In the long run, Kwame eventually wants to turn the Think Tank into an employability programme. Read on to find out why, as well as contributing to effectively altering perceptions of the future of our country, being a part of a Think Tank can increase your employability skills!

1. You become a communication GENIUS

After all, communication is one of the most important skills you will ever need. A Think Tank requires you to speak to people, understand an issue and be able to present it. Kwame also adds that “because we filmed our sessions, people were aware the audience was a lot larger, therefore the need to be clear and state your point of view was more important than ever.”

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2. You learn the importance of thorough research

You can’t state an ill-informed opinion based on one meme you saw a year ago. In a Think Tank, especially one that is filmed, the credibility of what you say will inevitably be scrutinised. SO, a mixture of desk and field research – from all angles, from a variety of sources, put into context – becomes vital.

3. Collaboration becomes second nature

In a Think Tank, you have the nuanced task of putting your opinion across, ensuring it is heard and listened to, whilst also connecting your idea’s with the rest of your group. As the Think Tank contained people who had very different viewpoints, Kwame says he wanted the group to “step outside of their comfort zone, think as a group, rather than just an individual, and reach one vision they can all get behind.”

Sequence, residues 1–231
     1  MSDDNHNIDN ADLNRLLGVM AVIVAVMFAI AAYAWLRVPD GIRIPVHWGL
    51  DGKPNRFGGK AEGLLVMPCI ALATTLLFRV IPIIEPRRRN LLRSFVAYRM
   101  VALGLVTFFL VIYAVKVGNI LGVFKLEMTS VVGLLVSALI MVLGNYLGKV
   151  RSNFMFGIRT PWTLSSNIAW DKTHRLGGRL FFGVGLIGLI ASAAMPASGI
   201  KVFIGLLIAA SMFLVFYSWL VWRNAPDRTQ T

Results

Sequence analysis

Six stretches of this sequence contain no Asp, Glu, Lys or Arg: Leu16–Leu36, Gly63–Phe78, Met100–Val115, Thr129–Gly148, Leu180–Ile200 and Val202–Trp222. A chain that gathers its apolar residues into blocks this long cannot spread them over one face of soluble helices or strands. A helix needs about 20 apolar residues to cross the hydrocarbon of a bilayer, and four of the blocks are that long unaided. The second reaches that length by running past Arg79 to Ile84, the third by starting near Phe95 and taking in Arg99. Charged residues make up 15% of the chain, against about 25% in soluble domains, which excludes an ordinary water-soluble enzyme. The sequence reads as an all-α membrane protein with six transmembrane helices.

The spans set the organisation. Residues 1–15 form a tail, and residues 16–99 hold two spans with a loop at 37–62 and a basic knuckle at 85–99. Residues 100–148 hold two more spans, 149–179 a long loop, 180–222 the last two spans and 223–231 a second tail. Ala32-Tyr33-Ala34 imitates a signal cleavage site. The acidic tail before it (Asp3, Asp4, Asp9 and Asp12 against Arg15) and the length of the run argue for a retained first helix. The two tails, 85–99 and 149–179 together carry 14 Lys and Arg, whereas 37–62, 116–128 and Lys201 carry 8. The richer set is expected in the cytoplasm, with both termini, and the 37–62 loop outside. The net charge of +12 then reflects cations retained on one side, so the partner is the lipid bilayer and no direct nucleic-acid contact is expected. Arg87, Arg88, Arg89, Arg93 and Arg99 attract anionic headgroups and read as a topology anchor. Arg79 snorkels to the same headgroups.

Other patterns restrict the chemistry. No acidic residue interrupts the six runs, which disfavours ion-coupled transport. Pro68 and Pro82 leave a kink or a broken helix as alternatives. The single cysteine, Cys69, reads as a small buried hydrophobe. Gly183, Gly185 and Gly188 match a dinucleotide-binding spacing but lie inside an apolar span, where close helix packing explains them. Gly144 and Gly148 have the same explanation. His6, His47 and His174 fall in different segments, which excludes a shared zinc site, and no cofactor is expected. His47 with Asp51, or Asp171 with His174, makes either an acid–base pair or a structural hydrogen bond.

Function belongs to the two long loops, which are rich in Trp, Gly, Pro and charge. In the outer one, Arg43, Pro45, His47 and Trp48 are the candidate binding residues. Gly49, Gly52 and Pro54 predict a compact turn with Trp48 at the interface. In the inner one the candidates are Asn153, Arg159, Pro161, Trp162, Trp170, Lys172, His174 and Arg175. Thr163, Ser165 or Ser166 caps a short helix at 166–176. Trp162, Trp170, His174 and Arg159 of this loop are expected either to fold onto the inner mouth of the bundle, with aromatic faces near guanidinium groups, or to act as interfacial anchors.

4. You’re solving the world’s problems

As Kwame puts it, “a Think Tank is basically just a long period of problem solving”. You have to be able to find that middle ground and a solution to a complex problem. He explains that “some people had very strong opposing views about economic viability and social issues but it’s about assessing your own biases and being in constant dialogue with each other.”

5. You can use digital tools creatively

By simply choosing to film each session and share it on social media, the team were able to not only expand their audience, but also increase people’s use of technology. They were also able to pinpoint how technology can create social change. Sharing sessions like this also highlighted how young people are giving themselves a seat at the table and celebrating the involvement of young people in political and societal discourse.

6. You become a leader in your own right

Leadership was a key part of the framework from the very beginning. Kwame wanted each participant to take pride in taking a lead “by making people take ownership of specific parts, it made the team feel like they could drive a part of it forward.”

7. You get a headstart in using your own initiative

Initiative is probably the most difficult thing to learn before you get your first job, but Kwame explains that because TAB was “voluntary, you’re motivated to do something extra”. This, in turn, helps people manage their time whilst also keeping up to date with topical issues. What TAB really managed to encourage and inspire in their participants is that mindset of “I can always do a little bit more”.
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If you’d like to keep up with up to date news about TAB:
Follow @KwameBoateng_ and @TABrexit